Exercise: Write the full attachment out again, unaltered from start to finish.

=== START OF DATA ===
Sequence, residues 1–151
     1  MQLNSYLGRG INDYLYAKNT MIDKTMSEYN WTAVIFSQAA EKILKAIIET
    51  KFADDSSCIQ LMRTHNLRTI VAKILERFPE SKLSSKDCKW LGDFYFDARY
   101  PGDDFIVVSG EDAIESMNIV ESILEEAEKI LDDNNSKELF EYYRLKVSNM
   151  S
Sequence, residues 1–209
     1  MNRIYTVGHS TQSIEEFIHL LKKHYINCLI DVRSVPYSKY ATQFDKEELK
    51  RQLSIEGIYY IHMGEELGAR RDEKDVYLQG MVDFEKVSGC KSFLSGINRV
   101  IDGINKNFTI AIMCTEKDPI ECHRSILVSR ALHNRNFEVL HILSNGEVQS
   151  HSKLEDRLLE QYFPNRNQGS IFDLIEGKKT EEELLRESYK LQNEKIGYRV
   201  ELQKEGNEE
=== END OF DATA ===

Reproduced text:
Sequence, residues 1–151
     1  MQLNSYLGRG INDYLYAKNT MIDKTMSEYN WTAVIFSQAA EKILKAIIET
    51  KFADDSSCIQ LMRTHNLRTI VAKILERFPE SKLSSKDCKW LGDFYFDARY
   101  PGDDFIVVSG EDAIESMNIV ESILEEAEKI LDDNNSKELF EYYRLKVSNM
   151  S
Sequence, residues 1–209
     1  MNRIYTVGHS TQSIEEFIHL LKKHYINCLI DVRSVPYSKY ATQFDKEELK
    51  RQLSIEGIYY IHMGEELGAR RDEKDVYLQG MVDFEKVSGC KSFLSGINRV
   101  IDGINKNFTI AIMCTEKDPI ECHRSILVSR ALHNRNFEVL HILSNGEVQS
   151  HSKLEDRLLE QYFPNRNQGS IFDLIEGKKT EEELLRESYK LQNEKIGYRV
   201  ELQKEGNEE